I have been slightly obsessed to the point of being obnoxious with what I perceive to be justice in a world that is not fair. What has made the obsession obnoxious is the fact that I have been making my imperfect and not entirely wise self the judge. It is correct of me to admit that I do not deserve the position of Sole Justice Distributor. When I can, I do enjoy creating small “justices”. This has, though, added to my illusion of control over life’s nature.
The truth is, I am not in control of justice distribution. I can decide how to spend my time and energy. And it kind of stops there.
A couple of months ago, while heading past a business complex, I was driving next to a man in his fifties in his shiny forest-green BMW, smoking a cigar. He looked completely relaxed and content, leisurely. I felt like I was seeing an illustration of inner peace. Looking at him made me extremely happy because he was taking a moment to savor what he has in life. He created a moment for himself and he appeared to be entirely involved in enjoying that moment.
He was having that moment even though life is not fair. Bad things have happened to him. He has felt afraid. He has heard about the heinous crimes committed against innocent people and he knows about crimes against humanity. He also knows people who act like complete jerks but get their way anyway. He has been wronged many times, however aware or unaware he may be. There are a plethora of forms that what we call life’s unfairness takes, as we all know.
Something dawned on me as this blog was brewing in my brain. Sometimes when life is not fair, it means that I am receiving something I may not deserve. I may have gotten away with something. I am being treated better than another person, who is just as valuable as I am. When I have thought about life not being fair, I have usually considered myself as the unlucky one who is being hurt and disappointed. I have often neglected to bring to mind those less fortunate than I. This is the case even though I am a person who is dedicated to practicing gratitude; I have repeatedly lost perspective when thinking about justice by getting mired in self-centeredness. So, yes, we can all be thankful that I am NOT the world’s Sole Justice Distributor.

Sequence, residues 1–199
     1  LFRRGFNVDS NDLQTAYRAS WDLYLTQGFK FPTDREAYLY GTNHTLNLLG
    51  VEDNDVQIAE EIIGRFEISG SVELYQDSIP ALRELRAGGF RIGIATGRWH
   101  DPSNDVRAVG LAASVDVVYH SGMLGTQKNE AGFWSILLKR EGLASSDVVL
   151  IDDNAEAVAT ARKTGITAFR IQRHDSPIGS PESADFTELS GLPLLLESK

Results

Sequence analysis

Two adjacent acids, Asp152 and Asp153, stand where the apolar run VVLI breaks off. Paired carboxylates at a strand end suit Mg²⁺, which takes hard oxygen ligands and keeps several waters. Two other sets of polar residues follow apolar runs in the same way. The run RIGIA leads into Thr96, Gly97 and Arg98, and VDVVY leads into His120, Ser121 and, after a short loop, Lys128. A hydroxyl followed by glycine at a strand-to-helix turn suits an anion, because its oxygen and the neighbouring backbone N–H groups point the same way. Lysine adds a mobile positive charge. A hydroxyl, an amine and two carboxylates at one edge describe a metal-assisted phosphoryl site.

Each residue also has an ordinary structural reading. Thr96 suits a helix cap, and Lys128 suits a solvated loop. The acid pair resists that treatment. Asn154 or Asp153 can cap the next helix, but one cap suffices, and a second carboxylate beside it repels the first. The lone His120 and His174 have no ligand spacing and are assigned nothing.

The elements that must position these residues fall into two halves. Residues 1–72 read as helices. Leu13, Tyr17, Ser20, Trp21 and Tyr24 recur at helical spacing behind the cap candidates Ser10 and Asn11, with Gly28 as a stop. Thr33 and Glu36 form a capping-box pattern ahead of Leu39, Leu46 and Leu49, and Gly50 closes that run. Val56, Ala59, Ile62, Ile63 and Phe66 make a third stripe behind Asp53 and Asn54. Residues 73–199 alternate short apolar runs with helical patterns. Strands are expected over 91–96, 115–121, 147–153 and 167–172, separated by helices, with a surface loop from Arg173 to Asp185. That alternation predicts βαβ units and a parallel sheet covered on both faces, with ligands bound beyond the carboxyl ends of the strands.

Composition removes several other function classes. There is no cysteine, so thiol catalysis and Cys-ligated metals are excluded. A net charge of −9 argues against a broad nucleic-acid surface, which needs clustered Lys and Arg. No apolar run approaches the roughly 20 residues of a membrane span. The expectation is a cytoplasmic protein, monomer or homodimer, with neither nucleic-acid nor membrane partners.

Good things happen. Bad things happen. What we consider good or bad depends on who we are, but we have to deal with both, whoever we are. The words from above return to me. I can decide how to spend my time and energy. I can obsess about life “not being fair” and absurdly trying to mentally fight that fact, which sometimes works in my favor. Sounds like crazymaking to me. I’d rather say to myself, “Good things happen and bad things happen. It’s part of the life experience.” and follow that up with getting on with my life.
For me, the cigar is not a cigar. I’d rather create other pleasures for myself. But Cigar man has been an excellent reminder for me to actually DO that, in spite of life not being “fair”.